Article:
Marthe Bonnard had died on 26 January 1942, leaving Pierre living alone in their villa at Le Cannet, during some of the most difficult years of the war. In north Africa – on the other side of the Mediterranean from le Midi – fighting finished at the end of 1943, with Allied victory. Just a few months later, the Allies reached Monte Cassino in their push up the Italian Peninsula towards Rome. Then in the summer of 1944 came the huge amphibious landings on the north coast of France – close to several of Bonnard’s old haunts in Normandy.
For Bonnard, 1944 was a year for appreciation of his art in print, with Formes et couleurs devoting much of its second issue to essays about his work. His friend Tériade also published a collection of fictional letters written by Bonnard evoking his childhood memories, which were illustrated by Bonnard. The photographer Henri Cartier-Bresson visited Bonnard to photograph him. At the end of the year, his graphic work was exhibited in Paris.
Panoramic View of Le Cannet or The Blue Mountain was painted in gouache and watercolour between 1942-44, and shows his favourite view from his villa above Le Cannet, with the distant hills cold in contrast to the rooves in the town.
Young Woman Painting (1944) might show his niece Renée Terrace, who went to stay with Bonnard in his villa in Le Cannet at the end of 1945.
In July 1945, Bonnard finally returned to Paris, where he designed the special issue of the magazine Verve which was to be devoted to him.
Bonnard painted this Afternoon Landscape down on the waterfront in about 1945. The sky is reminiscent of the Divisionist painting style of his friend Paul Signac.
Large Landscape, South of France (Le Cannet) from 1945 has been painted at the edge of the town, where its gardens give way to the surrounding countryside. Unusually, it is cropped below the skyline.
Villa Bosquet, Le Cannet, Morning from about 1945 is Bonnard’s strongest statement of his loneliness at home. The empty chair at the table and its even areas of paint are a marked contrast to his earlier domestic views.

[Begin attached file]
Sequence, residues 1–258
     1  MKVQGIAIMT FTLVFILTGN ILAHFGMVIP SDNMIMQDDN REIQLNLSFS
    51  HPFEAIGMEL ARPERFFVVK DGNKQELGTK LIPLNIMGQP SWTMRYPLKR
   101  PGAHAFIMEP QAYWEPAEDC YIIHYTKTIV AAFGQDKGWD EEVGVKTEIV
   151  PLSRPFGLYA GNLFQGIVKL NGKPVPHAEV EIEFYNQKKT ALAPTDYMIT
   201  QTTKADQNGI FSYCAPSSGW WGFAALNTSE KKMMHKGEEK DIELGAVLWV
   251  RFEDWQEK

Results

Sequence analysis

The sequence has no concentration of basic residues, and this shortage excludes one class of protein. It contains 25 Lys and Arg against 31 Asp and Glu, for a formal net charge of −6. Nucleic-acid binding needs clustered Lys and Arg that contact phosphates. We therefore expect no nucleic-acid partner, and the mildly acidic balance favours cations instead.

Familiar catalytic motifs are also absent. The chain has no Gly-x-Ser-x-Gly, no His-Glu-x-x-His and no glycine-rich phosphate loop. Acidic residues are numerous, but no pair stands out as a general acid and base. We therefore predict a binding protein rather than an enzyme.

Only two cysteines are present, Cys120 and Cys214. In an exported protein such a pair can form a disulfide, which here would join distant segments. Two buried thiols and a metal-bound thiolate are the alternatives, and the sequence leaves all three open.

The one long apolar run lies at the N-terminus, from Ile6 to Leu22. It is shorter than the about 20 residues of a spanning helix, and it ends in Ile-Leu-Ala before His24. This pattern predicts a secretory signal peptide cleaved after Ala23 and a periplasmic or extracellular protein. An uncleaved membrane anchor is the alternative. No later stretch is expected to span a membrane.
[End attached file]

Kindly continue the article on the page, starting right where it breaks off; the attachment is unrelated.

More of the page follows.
Bonnard seems to have found greatest joy of expression in the mimosa: here a mere Bouquet of Mimosa (c 1945) loses all scale and could be huge shrubs, their brilliant flowers cascading down.
His mixed-media Self-Portrait from 1945 is bleak, his skin yellow, and eyes almost black hollows.
Bonnard returned to Paris in the summer of 1946, where he met André Lhote, Marc Chagall, and other artists. He then returned to Le Cannet, where in August the great photographer Brassaï photographed him in his studio. The following month, Giséle Freund took the only colour photos made of him. In the autumn, he made his final visit to the Louvre.
Another self-portrait is his Portrait of the Artist in the Bathroom Mirror from between 1939-46, which shows his body looking frail too.
Outside, though, the cascading yellow flowers filled the view from the window of The Studio at Le Cannet, with Mimosa (1938-46).
He sees a woman walking her dog on the Stairs at Le Cannet in 1946: the mimosa seems here to sprout from the surrounding walls, frothing over their tops.
Interior: Dining Room is claimed to date between 1942-46. It is dark outside. On the table inside Le Bosquet, there are bowls of fruit laid out, and at the right a blonde woman sits to eat.
The last dated painting I can find by Bonnard is this view of the waterfront in Cannes, which is claimed to be from 1947. It certainly appears to be winter, with cool temperatures meriting warm clothing, and a brisk wind blowing up small waves in the harbour there.
Pierre Bonnard died in Le Cannet on 23 January 1947, and was buried locally, alongside Marthe. The special issue of Verve devoted to Bonnard was published in August.
A heated debate arose between a friend of Picasso’s, the art critic Christian Zervos, and Matisse. The latter wrote that Bonnard “made some works of the highest quality and that will endure.” “As far as I’m concerned, he’s already to be accounted one of the great painters.”
Bonnard’s former muse, patron, and close friend Misia Natanson (later Sert) died in Paris on 15 October 1950, and Henri Matisse on 3 November 1954.
Guy Cogeval and Isabelle Cahn (2016) Pierre Bonnard, Painting Arcadia, Prestel. ISBN 978 3 791 35524 5.
Gilles Genty and Pierrette Vernon (2006) Bonnard Inédits, Éditions Cercle d’Art (in French). ISBN 978 2 702 20707 9.
Timothy Hyman (1998) Bonnard, World of Art, Thames and Hudson. ISBN 978 0 500 20310 1.